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This article contains possibly the most elegant proof of the irrationality of pi that I've seen. You need only know integration by parts.

http://www.m-a.org.uk/resources/tmg/irrational_thoughts.doc

Enjoy.

David Treeby - 5 years, 8 months ago

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Thank you, it's indeed a really beautiful proof.

Nicolae Sapoval - 5 years, 8 months ago

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incase of root 3,let a=3m root 4 is rational

Aditya Khatavkar - 5 years, 8 months ago

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2.5 can be witiitn as 25/10 = 5/2.

0.33333… can be written as 3333.../10000…

mul and divide by 3, we get 9999.../(10000… x 3)

9999.. is close to 10000… and it is infinity so ratio is equal. = 1/3

if we were to write √2 as a ratio,

1414…/1000… and we won't know the last term or any properties of the huge number i.e divisible by 2, 3, or 5 something like that.

hence √2 cannot be expressed as a ratio

Soham Zemse - 5 years, 8 months ago

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That's an interesting observation, and is where I would like to go next.

The fact that you are trying to get to, is that a decimal number is rational if and only if it terminates, or is eventually repeating.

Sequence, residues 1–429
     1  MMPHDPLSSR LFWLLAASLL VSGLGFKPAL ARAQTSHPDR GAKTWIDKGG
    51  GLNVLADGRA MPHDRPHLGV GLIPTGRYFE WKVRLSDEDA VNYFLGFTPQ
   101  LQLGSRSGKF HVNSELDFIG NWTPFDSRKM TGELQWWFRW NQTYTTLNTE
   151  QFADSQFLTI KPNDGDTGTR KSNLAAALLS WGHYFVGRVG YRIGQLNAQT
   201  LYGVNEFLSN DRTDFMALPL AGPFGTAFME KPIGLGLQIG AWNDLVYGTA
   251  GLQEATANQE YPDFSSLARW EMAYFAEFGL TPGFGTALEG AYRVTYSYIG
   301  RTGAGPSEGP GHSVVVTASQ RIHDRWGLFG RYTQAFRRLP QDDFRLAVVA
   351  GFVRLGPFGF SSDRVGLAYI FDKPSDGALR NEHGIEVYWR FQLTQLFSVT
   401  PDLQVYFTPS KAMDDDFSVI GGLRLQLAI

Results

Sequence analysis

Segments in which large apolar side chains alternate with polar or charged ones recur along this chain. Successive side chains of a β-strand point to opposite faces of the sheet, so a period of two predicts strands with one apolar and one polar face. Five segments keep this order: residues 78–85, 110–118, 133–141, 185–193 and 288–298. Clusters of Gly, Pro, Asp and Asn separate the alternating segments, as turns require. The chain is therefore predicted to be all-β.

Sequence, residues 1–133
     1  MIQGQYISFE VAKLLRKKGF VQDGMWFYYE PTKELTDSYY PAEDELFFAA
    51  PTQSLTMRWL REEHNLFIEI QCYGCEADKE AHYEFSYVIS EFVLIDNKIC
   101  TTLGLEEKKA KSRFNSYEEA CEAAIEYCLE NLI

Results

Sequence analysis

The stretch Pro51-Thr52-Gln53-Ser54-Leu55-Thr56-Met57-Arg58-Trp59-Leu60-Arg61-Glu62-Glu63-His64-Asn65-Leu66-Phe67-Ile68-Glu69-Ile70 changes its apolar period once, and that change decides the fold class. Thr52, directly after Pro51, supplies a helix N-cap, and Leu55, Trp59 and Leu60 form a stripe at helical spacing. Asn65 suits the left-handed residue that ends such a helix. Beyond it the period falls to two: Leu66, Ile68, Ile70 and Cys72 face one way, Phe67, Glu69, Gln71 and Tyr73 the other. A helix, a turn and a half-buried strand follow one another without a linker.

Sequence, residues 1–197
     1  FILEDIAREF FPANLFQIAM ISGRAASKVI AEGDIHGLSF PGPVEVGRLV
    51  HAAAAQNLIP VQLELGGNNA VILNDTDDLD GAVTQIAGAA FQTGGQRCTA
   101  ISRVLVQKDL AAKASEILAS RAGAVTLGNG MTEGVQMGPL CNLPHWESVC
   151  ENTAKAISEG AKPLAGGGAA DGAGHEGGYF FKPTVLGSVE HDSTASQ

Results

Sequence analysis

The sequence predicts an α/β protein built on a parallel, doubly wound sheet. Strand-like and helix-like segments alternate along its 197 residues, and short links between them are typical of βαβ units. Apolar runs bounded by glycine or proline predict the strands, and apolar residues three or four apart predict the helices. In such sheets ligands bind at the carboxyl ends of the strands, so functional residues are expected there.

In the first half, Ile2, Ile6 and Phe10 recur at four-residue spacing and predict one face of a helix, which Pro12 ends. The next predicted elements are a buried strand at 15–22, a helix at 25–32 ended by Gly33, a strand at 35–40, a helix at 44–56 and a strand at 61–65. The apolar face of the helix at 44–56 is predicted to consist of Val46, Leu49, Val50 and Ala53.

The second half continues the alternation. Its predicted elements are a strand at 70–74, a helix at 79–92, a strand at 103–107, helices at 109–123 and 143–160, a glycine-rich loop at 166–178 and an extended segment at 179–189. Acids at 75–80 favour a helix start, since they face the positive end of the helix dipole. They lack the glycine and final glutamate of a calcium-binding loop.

Chung Kevin - 5 years, 8 months ago

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by contradiction that it is rational

anurag mishra - 5 years, 8 months ago

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Can you elaborate? What do you mean?

Chung Kevin - 5 years, 8 months ago

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just take 2p=4q' and 4p'=2q and the divide the make 4 eq compare them u will get the answer

Adil Ahmed Khan Tanoli - 5 years, 8 months ago

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I don't think that we can prove that 4\sqrt{4} is irrational . . . For 3\sqrt{3}, I would think that this could be proven using a 30-60-90 triangle and the Pythagorean Theorem, but I don't have time (I have Fermat's Procrastination Disease). Anyone up to the challenge?

Josh Speckman - 5 years, 8 months ago

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Can you prove that 4 \sqrt{4} is rational then?

Hm, a geometric interpretation of a rational number is slightly harder to arrive at, as the concept of rational numbers is a number theoretic concept.

Chung Kevin - 5 years, 8 months ago

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by this method a/b is not a rational number since those two (a and b)are even
here i had a doubt
consider 6/4 where both 6 and 4 are even 6/4=3/2 which is a rational number thus my doubt is about the definition of a rational number any one can explain this?????????????

Lokesh Naani - 5 years, 8 months ago

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Note that rational square root of an integer has to be an integer in its reduced form. Because if N=pq\sqrt{N}=\frac{p}{q} with q>1q>1 and qpq\nmid p and gcd(p,q)=1gcd(p,q)=1, we have N=p2q2N= \frac{p^2}{q^2}. Hence q2p2q^2|p^2, which is impossible unless qpq|p. With the above in view, we just check that 12=11^2=1 and 22=42^2=4 and hence there is no integer (and hence no rational number) whose square root is 3.

Abhishek Sinha - 5 years, 8 months ago

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If this question is too easy for you, leave a hint instead of revealing the entire solution.

Chung Kevin - 5 years, 8 months ago